While MIMIC II represents a major achievement, because physiological data and clinical annotations are collected separately, the two datasets are poorly synchronized. Also, physiological data and clinical annotations have different time “granularity,” making it difficult to retrospectively determine the timing of a clinical event down to seconds. Reconstructing the clinical context with these limitations results in correlations being largely speculative. In parallel to MIMIC II, Meyer and Colleagues at MGH, as part of the “OR of the Future” project, introduced a system for the operating room to perform integration and display of data from a variety of disparate sources, including hospital information systems, patient monitors, surgical equipment, and a location tracking system [41]. At the core of this system is custom integration software (LiveData OR RTI Server, Live-Data, Inc., Cambridge, MA, USA) that is used to capture in real-time all device data (except from infusion pumps), including detailed physiological waveform data and all data elements, without data loss. Custom interfaces are needed for devices with proprietary data formats. Data are maintained in a relational database with an archive of all captured OR data, including trends and full resolution waveforms, information from the location tracking system, and patient and scheduling information (from multiple hospital information systems). This automated database allows time-based playback and analysis of the events of the surgery. Selected data are displayed in real-time on an integrated display created using scalable vector graphics.

In 2011, Feng and colleagues developed the intelligent System for Neuro-Critical-Care (iSyNCC) to facilitate multimodal data acquisition and transmission across a local network for storage in a database and computational analysis. The system includes an “artifact removal” module to ensure high quality data and the ability to provide short term data forecasting (for example of ICP elevations). There is also a “Recovery Outcome Prediction” module to estimate patient long-term outcomes based on integration of the clinical records and physiological data [42].

7. Developing the Integrated Medical Environment

At University Hospitals Case Medical Center and Case Western Reserve University, we have focused on overcoming many of the obstacles described and putting everything together: high-resolution physiologic data acquisition, integration, processing, archiving, annotation with bedside observations for clinical applications, and visualization. The Integrated Medical Environment (tIME) (Figure 1), is a new open source architecture that we believe can provide the backbone for the ICU of the future. Specifically tIME provides (1) real-time data acquisition, integration, time-synchronization, and data annotation of multimodal physiological waveform data (both analog and digital) from a variety of medical devices and bedside monitors using custom developed parsing algorithms. Both the waveform data and the extracted parametric numeric data are displayed using real-time algorithms developed by our group and simultaneously stored in a local database for easy access, retrieval, and queries. The local database can connect and import into the hospital EMR using a secure HL7 data transfer protocol; (2) a new critical care open middleware informatics architecture that facilitates complex systems analysis methods and data mining capabilities for hypothesis generation and testing; and (3) a clinician-centric visual display and interface, to present an integrated overview of the patient state (past, present, and predicted futures) so that providers can make sensible decisions at the bedside based on all the data. Only when all of these components work in concert will we be able to fully harness the power of information technology to improve patient outcomes in the ICU.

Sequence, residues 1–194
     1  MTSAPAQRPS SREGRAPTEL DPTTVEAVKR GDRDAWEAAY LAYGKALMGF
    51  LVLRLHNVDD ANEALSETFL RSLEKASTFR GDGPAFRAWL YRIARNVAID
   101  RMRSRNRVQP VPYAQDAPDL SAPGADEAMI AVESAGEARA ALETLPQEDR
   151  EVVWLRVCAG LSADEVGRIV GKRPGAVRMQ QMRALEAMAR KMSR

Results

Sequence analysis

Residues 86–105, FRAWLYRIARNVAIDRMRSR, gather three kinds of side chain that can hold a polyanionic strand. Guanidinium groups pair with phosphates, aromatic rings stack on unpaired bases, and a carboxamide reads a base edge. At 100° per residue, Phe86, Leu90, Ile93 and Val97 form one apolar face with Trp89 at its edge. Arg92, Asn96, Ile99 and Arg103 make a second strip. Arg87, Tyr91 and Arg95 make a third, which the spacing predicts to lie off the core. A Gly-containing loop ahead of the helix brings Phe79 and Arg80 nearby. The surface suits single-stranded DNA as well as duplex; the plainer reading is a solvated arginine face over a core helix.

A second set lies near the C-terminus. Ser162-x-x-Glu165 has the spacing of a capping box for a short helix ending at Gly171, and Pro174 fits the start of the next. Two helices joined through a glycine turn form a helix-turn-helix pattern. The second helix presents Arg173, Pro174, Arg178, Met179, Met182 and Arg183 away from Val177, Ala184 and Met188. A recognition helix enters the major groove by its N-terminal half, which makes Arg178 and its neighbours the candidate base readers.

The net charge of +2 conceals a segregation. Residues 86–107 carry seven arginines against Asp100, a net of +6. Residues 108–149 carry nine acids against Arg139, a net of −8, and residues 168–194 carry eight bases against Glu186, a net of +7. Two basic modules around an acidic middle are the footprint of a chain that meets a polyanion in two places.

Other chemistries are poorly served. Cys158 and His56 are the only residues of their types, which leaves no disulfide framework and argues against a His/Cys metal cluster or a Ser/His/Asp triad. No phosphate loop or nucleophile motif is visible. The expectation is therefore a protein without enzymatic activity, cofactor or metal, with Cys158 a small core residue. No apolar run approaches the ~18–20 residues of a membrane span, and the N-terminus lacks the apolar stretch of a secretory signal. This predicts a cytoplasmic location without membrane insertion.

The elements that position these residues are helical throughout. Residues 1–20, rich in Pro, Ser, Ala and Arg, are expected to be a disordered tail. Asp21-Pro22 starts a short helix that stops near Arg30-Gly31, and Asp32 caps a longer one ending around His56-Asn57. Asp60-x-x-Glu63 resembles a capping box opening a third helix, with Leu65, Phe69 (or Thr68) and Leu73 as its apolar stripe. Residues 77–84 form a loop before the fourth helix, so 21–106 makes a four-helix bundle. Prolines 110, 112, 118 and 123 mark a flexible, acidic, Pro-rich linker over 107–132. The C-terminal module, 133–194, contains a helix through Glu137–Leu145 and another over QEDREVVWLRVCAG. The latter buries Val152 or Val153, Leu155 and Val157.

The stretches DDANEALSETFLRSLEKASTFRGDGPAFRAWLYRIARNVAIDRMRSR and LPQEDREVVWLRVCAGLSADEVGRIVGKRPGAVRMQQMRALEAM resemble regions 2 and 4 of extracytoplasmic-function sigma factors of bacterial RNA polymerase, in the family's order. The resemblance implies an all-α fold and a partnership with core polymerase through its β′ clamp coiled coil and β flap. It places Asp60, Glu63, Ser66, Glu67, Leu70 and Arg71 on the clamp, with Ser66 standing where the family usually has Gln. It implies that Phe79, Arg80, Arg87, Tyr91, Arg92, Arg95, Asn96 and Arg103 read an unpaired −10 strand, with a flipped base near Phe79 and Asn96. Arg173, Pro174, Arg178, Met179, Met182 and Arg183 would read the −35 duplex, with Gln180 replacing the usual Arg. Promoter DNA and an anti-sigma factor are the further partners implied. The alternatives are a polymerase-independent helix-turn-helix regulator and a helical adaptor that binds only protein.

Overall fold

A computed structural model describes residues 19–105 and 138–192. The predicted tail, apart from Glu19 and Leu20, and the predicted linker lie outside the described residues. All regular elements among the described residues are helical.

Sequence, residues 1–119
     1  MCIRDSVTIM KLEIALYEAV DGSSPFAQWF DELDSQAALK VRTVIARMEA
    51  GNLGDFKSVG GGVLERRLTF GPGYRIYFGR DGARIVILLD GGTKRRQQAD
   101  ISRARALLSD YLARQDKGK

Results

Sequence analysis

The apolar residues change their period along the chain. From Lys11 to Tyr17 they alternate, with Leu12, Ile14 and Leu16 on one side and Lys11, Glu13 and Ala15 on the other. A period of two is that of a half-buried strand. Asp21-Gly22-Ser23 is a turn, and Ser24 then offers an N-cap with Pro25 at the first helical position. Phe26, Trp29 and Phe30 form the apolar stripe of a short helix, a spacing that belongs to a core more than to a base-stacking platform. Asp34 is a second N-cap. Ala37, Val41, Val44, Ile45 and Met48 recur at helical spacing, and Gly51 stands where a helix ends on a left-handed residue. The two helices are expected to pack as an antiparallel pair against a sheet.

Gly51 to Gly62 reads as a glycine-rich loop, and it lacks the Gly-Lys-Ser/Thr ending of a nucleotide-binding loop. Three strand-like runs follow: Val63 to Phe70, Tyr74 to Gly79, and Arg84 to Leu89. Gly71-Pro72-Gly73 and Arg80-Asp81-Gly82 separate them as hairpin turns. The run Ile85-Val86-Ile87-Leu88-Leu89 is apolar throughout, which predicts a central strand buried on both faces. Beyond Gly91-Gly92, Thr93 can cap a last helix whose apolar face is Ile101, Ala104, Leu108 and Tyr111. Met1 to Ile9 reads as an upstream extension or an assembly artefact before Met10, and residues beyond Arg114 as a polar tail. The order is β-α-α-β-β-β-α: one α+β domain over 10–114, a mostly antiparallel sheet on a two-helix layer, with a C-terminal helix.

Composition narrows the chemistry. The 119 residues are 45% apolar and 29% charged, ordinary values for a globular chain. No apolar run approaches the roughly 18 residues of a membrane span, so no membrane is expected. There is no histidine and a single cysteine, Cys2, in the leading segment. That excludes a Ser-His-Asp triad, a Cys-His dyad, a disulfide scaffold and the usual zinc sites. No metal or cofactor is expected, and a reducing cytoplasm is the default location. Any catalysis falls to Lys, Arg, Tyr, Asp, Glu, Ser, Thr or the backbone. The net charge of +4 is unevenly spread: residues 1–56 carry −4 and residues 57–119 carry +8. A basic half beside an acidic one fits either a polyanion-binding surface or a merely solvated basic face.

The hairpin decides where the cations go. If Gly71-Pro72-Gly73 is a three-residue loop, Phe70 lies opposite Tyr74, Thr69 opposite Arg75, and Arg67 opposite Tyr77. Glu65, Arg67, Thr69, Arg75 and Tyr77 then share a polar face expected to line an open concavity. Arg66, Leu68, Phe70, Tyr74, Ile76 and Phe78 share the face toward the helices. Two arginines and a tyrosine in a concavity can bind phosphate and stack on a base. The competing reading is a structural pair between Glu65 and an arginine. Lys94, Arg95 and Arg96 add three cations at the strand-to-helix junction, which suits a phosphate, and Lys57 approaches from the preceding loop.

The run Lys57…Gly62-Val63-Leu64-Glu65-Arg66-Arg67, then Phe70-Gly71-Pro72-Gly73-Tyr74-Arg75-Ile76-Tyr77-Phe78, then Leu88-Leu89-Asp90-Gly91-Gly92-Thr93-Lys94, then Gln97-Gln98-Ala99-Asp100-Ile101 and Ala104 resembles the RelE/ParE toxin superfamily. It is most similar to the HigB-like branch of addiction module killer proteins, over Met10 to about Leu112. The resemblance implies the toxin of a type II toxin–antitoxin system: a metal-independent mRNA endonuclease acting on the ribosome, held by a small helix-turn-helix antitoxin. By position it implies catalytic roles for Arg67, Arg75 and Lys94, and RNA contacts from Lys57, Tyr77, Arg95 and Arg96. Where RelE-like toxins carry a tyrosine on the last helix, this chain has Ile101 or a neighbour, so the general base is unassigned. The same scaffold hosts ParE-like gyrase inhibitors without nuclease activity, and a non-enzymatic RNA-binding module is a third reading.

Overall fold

8. Conclusions

While there have been major improvements in intensive care monitoring, including the development of enterprise Clinical Information Systems, the medical industry, for the most part, has not incorporated many of the advances in computer science, biomedical engineering, signal processing, and mathematics that many other industries have readily embraced. Acquiring, synchronizing, integrating, and analyzing patient data remains frustratingly difficult because of insufficient computational power and a lack of specialized software, incompatibility between monitoring equipment, and limited data storage. All of these technical problems are now surmountable. Today, we are on the verge of the data-intensive science era in which hypotheses will be generated automatically among the enormous amount of data available by using computational science with inductive reasoning. In this new era, information technology enabling the development of an integrated critical care informatics architecture that supports clinical decision-making at the bedside will be essential.

Conflict of Interests

The authors declare that there is no conflict of interests regarding the publication of this paper.


This work was supported, in part, by the Veterans Administration Research Service (I01BX000873).


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Copyright © 2015 Michael A. De Georgia et al. This is an open access article distributed under the Creative Commons Attribution License, which permits unrestricted use, distribution, and reproduction in any medium, provided the original work is properly cited.